MANILA, Philippines >> Philippine President Rodrigo Duterte’s bloody anti-drug war and his foul-mouthed outbursts in defense of the campaign have unnerved foreign investors in one of Asia’s fastest-growing economies.
Analysts and businessmen point to uncertainties about Duterte’s policies and flip-flopping pronouncements as largely to blame for foreign selling in the stock market and the peso’s plunge to a seven-year low, reversing the initial optimism after his June 30 inauguration.
Some experts say unpredictability is slowing longer-term foreign investment in the Philippines. Photos and reports in the media of killings of suspected drug dealers and users — more than 3,000 since July 1 — have contributed to sagging confidence.
“We can all deal with risks. We can put measures in place to provide for risks,” said Guenter Taus, the head of the European Chamber of Commerce in the Philippines. “But uncertainty is a factor that we do not like in business, and that is exactly what we’re experiencing right now because we don’t know where we are heading.”
Taus said several companies that had intended to establish operations to the Philippines now prefer to wait and see what happens under Duterte. He declined to say which companies had changed their plans.
He said investors unsure about the Philippines may choose to look at other Southeast Asian countries to gain access to the region’s common market of more than 600 million people.
The American Chamber of Commerce of the Philippines said in September that while the country’s economic fundamentals are strong and its potential high, there is growing concern that Duterte’s policies and behavior could affect long-standing optimism by American businesses in the Philippines.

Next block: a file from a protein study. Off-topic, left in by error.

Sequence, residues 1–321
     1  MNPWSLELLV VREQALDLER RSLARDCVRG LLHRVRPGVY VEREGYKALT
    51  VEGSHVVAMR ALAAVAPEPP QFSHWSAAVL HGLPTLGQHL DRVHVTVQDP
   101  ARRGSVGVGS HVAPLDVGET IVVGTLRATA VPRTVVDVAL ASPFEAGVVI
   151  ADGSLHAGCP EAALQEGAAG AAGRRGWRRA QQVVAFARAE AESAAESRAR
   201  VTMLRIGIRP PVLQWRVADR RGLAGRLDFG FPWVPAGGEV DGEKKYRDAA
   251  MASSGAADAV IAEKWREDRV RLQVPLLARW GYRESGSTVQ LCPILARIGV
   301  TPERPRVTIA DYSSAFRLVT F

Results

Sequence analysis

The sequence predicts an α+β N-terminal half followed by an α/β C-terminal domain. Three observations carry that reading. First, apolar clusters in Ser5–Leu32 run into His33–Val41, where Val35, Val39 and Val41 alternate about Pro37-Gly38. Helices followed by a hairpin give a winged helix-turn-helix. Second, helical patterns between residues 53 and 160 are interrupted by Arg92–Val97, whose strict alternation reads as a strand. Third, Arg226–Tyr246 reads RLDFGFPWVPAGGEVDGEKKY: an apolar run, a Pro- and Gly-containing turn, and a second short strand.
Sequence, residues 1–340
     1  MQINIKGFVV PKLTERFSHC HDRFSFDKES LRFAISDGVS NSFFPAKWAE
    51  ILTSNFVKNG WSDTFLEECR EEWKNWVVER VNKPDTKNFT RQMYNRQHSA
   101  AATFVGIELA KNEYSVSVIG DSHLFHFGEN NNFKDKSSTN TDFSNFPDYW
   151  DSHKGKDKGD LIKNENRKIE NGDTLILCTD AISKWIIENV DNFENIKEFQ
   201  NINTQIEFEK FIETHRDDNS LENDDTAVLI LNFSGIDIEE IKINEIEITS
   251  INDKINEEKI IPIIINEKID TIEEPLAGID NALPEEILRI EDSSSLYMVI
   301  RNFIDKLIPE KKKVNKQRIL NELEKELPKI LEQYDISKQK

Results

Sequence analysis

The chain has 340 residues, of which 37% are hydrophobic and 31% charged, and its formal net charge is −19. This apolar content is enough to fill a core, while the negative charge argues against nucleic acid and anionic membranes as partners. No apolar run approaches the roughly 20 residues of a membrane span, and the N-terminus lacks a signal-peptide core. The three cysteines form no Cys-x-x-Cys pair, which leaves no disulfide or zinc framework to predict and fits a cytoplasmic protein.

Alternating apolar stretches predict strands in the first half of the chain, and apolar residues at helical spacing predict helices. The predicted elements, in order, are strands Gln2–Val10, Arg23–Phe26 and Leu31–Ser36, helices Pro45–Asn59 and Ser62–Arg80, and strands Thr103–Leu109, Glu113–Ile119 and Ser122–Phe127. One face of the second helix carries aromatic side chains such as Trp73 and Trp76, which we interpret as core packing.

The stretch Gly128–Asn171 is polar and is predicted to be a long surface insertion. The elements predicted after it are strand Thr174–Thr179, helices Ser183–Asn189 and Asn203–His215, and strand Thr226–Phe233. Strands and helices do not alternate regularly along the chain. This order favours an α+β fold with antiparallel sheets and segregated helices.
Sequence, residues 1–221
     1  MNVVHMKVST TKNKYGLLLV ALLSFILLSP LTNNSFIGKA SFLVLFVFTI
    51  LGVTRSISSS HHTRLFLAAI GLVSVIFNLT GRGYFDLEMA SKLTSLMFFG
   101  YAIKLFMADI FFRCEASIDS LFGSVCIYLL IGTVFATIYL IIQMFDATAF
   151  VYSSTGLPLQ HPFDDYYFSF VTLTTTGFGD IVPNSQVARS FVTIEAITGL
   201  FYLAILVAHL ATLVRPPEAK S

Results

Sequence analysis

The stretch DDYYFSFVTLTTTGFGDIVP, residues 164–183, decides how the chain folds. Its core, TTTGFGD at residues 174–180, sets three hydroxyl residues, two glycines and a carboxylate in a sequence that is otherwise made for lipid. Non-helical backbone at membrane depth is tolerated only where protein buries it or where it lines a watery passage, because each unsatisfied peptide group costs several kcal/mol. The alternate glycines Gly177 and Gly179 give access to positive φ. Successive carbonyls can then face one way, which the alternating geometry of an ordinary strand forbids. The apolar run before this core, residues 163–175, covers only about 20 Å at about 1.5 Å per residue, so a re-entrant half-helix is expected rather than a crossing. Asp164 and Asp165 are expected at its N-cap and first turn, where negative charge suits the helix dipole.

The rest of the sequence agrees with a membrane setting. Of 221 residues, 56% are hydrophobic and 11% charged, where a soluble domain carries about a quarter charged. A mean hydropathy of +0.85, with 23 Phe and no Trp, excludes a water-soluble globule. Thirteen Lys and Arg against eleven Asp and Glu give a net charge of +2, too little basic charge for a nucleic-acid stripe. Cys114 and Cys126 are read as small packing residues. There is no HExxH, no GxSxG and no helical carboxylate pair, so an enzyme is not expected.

The chamber said that the large number of deaths in the anti-drug campaign is harming the Philippines’ image, and that some investors are asking if the drug war “reduces the rule of law.”
“In addition, traditionally excellent bilateral relations between the U.S. and the Philippines have recently been strained by language from Philippine leaders,” the chamber said.
Last month, before heading to a regional summit in Laos where he had been scheduled to meet with President Barack Obama, Duterte used the Tagalog phrase for “son of a bitch” as he told Philippine reporters he wouldn’t accept questions from Obama about extrajudicial killings that have occurred during the drug crackdown. Obama cancelled the meeting.
After the European Parliament recently called for an end to the drug killings and expressed concern over the scale of deaths, Duterte hit back with a profane insult and raised a fist with his middle finger thrust out. And this week Duterte said U.S.-Philippine joint military exercises end this year, though his foreign minister said later that they will continue until 2017 as previously agreed.
On several fronts, Duterte has had an uneasy relationship with Western countries, including the United States, an important treaty ally. He has said he’s charting a foreign policy that is not dependent on the U.S., and has taken steps to bolster relations with Russia and revive ties with China that had been strained under his predecessor, Benigno Aquino III, over territorial conflicts.